Reduced language-related cortex activity linked to schizophrenia susceptibility
MedWire News: Adolescents at risk of schizophrenia have reduced activity in the superior temporal gyrus (STG) during a listening task, US scientists have discovered in findings that support the hypothesis of poor language-related cortex development in schizophrenia.
Schizophrenia patients have been found to have a smaller STG and reduced activation during language tasks compared with healthy individuals, and a recent study indicated that individuals at risk of psychosis have a smaller STG.
To investigate further, Rajaprabhakaran Rajarethinam, from Wayne State University in Detroit, Michigan, and colleagues used functional magnetic resonance imaging (fMRI) to obtain blood oxygen level dependent (BOLD) images of 15 high-risk (HR) children of schizophrenia patients and 17 healthy matched controls.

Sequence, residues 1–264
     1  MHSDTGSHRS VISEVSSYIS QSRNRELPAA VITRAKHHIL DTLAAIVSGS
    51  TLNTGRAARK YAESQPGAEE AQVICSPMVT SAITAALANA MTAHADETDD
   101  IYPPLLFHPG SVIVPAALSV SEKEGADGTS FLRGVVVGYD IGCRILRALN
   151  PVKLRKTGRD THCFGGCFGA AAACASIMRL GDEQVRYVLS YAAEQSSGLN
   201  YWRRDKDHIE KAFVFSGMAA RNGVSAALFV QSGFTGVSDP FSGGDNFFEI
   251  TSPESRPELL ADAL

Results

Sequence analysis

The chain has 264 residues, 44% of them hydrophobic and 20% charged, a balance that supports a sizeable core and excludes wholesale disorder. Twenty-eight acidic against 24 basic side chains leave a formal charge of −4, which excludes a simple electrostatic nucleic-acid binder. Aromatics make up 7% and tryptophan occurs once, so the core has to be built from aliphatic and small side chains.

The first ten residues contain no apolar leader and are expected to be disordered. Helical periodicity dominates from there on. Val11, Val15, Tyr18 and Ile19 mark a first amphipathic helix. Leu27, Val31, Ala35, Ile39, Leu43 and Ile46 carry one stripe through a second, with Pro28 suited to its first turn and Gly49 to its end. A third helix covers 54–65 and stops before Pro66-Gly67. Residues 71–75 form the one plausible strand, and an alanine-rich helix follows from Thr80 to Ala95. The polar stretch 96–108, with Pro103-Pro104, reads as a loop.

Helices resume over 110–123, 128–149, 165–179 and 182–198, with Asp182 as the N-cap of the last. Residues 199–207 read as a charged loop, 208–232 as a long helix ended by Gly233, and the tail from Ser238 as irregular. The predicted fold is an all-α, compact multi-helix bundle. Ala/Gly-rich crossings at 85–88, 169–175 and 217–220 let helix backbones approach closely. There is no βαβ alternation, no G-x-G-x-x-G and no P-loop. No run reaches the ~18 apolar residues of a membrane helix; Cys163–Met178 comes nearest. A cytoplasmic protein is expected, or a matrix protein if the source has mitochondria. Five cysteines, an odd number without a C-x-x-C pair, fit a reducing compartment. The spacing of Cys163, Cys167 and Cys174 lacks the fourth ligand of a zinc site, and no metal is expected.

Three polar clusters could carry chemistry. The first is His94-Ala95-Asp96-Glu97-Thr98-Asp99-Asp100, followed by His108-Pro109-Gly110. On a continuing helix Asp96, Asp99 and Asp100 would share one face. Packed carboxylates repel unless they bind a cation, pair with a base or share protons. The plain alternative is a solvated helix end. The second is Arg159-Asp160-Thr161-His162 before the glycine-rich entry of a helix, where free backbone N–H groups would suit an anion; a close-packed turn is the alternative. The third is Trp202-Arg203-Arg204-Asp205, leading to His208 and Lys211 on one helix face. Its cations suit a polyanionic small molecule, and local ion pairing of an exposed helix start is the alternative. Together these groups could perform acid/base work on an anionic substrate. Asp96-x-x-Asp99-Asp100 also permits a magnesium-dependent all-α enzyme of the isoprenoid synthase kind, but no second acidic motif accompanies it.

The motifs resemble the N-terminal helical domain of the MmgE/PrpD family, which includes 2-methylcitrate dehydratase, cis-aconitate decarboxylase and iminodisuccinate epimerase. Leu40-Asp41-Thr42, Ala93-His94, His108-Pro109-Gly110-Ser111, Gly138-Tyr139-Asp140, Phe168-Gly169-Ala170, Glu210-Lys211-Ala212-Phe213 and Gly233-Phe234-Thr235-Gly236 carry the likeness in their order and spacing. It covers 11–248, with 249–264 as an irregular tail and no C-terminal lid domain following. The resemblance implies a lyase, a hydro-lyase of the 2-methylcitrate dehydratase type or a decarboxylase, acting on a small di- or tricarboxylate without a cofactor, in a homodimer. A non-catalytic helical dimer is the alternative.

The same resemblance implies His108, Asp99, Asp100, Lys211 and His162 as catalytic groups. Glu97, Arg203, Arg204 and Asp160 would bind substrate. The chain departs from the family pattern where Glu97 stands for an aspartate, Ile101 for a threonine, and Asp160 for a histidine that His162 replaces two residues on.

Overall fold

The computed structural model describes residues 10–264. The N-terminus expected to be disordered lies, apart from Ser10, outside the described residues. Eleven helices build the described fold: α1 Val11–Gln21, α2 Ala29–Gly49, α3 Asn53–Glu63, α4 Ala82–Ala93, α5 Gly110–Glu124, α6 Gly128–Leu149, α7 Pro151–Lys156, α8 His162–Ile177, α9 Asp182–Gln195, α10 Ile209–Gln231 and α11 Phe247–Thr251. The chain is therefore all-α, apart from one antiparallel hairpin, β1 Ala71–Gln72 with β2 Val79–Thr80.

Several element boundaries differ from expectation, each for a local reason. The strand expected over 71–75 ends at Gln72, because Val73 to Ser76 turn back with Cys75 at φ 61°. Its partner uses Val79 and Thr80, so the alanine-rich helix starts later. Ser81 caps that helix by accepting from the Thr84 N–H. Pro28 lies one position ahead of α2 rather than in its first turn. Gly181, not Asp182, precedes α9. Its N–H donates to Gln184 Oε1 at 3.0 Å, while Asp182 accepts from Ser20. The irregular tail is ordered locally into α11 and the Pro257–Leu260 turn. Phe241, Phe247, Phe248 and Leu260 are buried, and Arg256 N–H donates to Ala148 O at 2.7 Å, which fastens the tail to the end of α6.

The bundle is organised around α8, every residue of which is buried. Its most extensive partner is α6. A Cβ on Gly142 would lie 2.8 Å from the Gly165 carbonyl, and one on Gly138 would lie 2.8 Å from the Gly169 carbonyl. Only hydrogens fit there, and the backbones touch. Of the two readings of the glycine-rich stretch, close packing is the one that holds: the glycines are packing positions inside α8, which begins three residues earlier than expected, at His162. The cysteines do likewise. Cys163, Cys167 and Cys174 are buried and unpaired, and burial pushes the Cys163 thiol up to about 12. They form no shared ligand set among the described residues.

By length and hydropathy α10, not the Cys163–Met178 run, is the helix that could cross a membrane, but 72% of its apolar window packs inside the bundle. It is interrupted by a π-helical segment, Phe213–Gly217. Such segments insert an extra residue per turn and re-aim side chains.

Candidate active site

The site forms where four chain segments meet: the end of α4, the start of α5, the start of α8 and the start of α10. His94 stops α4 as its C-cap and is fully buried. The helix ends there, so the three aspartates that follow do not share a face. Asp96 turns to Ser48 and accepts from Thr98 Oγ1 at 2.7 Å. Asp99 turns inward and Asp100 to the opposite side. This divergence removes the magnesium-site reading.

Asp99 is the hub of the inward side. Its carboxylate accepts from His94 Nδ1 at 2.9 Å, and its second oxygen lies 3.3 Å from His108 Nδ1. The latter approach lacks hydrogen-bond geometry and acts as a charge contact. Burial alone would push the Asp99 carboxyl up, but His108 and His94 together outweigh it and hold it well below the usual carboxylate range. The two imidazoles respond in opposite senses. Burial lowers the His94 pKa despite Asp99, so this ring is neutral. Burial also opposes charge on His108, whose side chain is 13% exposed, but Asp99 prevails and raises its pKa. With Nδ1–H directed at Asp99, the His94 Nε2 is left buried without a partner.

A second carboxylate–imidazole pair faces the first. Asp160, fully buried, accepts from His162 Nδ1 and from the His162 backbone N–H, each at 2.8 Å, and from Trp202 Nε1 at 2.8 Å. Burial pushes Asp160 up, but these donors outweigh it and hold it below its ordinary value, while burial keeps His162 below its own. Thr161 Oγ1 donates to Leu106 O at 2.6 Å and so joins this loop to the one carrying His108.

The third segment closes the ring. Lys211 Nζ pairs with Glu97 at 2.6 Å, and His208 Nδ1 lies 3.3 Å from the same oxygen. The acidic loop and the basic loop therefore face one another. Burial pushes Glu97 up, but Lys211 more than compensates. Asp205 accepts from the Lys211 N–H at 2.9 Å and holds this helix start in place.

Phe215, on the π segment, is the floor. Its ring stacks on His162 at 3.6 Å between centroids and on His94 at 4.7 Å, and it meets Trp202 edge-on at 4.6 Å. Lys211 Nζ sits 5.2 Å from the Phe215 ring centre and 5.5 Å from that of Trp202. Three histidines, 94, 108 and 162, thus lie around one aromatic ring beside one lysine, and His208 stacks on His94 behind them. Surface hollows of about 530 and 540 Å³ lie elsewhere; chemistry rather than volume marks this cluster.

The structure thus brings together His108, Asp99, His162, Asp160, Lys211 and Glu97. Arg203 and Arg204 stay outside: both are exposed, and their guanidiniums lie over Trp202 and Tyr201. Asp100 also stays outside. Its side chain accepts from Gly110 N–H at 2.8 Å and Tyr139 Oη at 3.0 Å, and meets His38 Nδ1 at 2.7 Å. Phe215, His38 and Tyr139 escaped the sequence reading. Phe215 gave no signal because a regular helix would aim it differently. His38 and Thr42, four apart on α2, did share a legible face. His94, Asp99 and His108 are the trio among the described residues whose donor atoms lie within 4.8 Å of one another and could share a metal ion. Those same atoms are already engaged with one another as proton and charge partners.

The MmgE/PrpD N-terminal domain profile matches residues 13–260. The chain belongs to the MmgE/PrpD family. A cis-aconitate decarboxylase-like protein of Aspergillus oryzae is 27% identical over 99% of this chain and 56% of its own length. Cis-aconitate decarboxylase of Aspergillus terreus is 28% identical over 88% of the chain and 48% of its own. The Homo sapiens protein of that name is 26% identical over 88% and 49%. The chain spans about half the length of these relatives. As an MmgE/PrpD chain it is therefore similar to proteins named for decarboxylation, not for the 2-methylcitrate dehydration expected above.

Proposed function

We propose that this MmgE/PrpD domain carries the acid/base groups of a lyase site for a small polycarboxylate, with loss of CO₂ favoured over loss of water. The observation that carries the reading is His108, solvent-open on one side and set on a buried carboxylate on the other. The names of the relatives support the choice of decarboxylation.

The participants were administered a task in which they were asked to listen to 30 second sections of a story alternated with sections of the same story played backwards. BOLD activation greater than a T of 2.58 on Statistical Parametric Mapping was considered significant.
When the two participant groups were analyzed separately, both showed significant activation of the STG during the task. However, the HR group showed significantly lower BOLD activation at the STG bilaterally compared with healthy controls.
Further analysis revealed that the difference in activation between HR individuals and controls was more pronounced in males and in the left STG. However, the sample size was too small to be able to draw conclusions.
"These fMRI findings add support to the notion that abnormal development of the language-related cortex may be a marker of increased susceptibility to schizophrenia and that such deviant development may be mediated by familial/genetic factors," the team says in the journal Schizophrenia Research.
They add: "Focused investigation and follow-up of [at risk] individuals may help clarify neurofunctional language-related susceptibility markers and predictors of future psychosis."
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By Liam Davenport